Saturday, February 18, 2012

Brooks is Right About Bourgeois Paternalism

David Brooks issues a call for "bourgeois paternalism" to rebuild the organizations and structures that induce people to behave responsibly.

I believe he is exactly right.  And I can't think of a better word than "induce."  You can't force people to be responsible.  There is no foolproof way to raise them to be responsible.  No genes guarantee it.  No family structure can be attentive enough to get responsible results every time.

BUT orderly families in orderly communities which are at least trying, unequivocally, to promote responsible behavior and eliminate irresponsible behavior is essential.  No amount of incentive or coercion - the favored left and right strategies - will work without responsible people.

Friday, February 17, 2012

The Asian Exception to Rising Intermarriage

About 15% of new marriages are to people of different races or ethnicities, according to a new report from the Pew Research Center.  This is about double the rate of intermarriage of a generation ago.

The one group in which out-marriage went down recently was among Asian-Americans.  Asians had the highest intermarriage rate of any of the standard racial groups in this country to begin with - 30.8% in 2008.  But this rate dropped slightly to 27.7% in 2010.

I think I know why.  Highly educated people like to marry one another. Asian-Americans are much more educated than other racial groups.  Even though there are not many Asians in America, they are much more likely to be college graduates - making a good marriage pool for other college graduates.

About 23% of white-white couples are college graduates.

About 53% of Asian-Asian couples are college graduates.

And white-Asian couples? Only 41%.

Thursday, February 16, 2012

Do Women Prefer Older Men, But Men Prefer One Age of Women?

David Buss, the author of The Evolution of Desire, a mainstay of my "Family Life" class, gave a lecture at Centre College tonight on "Human Mating Strategies."

He reported the familiar data that women seek men who are a little older than they are, whereas men prefer women who are a little younger. He showed that there is more variation in how much younger the men want to go, depending on the culture.  The women do not vary as much.

I had a thought as I was listening to him.  It is a hunch, but is worth testing.

Women prefer to marry men who are a little older than they are.

Men prefer to marry women who are in their early twenties.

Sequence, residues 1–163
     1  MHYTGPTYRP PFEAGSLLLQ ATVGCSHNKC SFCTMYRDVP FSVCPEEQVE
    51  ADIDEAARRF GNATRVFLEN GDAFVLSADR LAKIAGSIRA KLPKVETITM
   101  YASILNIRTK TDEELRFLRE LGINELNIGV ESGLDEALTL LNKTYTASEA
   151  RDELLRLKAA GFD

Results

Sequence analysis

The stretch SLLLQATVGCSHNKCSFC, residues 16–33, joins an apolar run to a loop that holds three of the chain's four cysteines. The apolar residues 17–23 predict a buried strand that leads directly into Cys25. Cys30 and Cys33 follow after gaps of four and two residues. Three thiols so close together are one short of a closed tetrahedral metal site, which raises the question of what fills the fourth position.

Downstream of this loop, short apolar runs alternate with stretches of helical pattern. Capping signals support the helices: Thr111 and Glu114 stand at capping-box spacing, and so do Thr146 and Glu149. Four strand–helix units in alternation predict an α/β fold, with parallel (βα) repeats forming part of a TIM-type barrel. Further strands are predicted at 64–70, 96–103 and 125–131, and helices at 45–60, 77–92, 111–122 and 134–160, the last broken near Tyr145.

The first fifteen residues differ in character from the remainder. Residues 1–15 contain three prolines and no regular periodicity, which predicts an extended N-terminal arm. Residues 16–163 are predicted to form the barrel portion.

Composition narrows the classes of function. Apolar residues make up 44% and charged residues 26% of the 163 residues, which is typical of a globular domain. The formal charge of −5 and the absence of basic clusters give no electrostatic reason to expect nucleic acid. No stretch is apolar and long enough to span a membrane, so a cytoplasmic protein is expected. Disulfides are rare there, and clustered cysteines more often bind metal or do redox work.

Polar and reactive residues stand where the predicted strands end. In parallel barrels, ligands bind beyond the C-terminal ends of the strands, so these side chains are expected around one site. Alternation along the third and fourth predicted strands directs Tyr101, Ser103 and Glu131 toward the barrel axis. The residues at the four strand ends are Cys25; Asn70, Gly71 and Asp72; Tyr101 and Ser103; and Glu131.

A way to test this would be to ask the absolute age of a preferred mate, not the age relative to the person being asked.

Another way would be to ask teenage boys, to see if they, uniquely, are more attracted to women older than themselves.

Wednesday, February 15, 2012

Educated Women Over 40 Now More Likely to Marry

A generation ago a report that came be known as the Harvard-Yale Study spread the scary word that a college-educated woman who was still single at 40 was more likely to be killed by a terrorist than to get married.

This was not entirely true, and was not the main point of the study in any case.  But it is important background to this exciting change in the life of American women:

And according to calculations by the economist Betsey Stevenson, an educated woman still single at age 40 is much more likely to marry in the next decade than her less educated counterparts.

Sunday, February 12, 2012

Contraception at Catholic Institutions: A Reasonable Compromise

I appreciate the justice of both sides of the recent argument about whether religiously affiliated institutions which employ and serve everyone should be required to offer contraceptives as part of their insurance coverage.

The issue is not about the freedom of religion.  By way of comparison, if churches were required to provide something contrary to their doctrine to their ministers, who were required to adhere to the doctrine, that would violate the freedom of religion.

But practically every large denomination sponsors ministries that serve the public - the Catholic Church most of all.  And nearly all of those ministries do not have a religious test for employment for every job. Therefore, as far as employee insurance goes, they are in the same boat as secular employers.

Nonetheless, I think the First Amendment requires the state to bend over backwards to try to accommodate the sensibilities of religious institutions, as well as what they can claim in strict justice.

So the decision by the Obama administration to not require church-related public ministries to pay for contraception directly, but instead to require their insurance carriers to do it, seems to me a just compromise.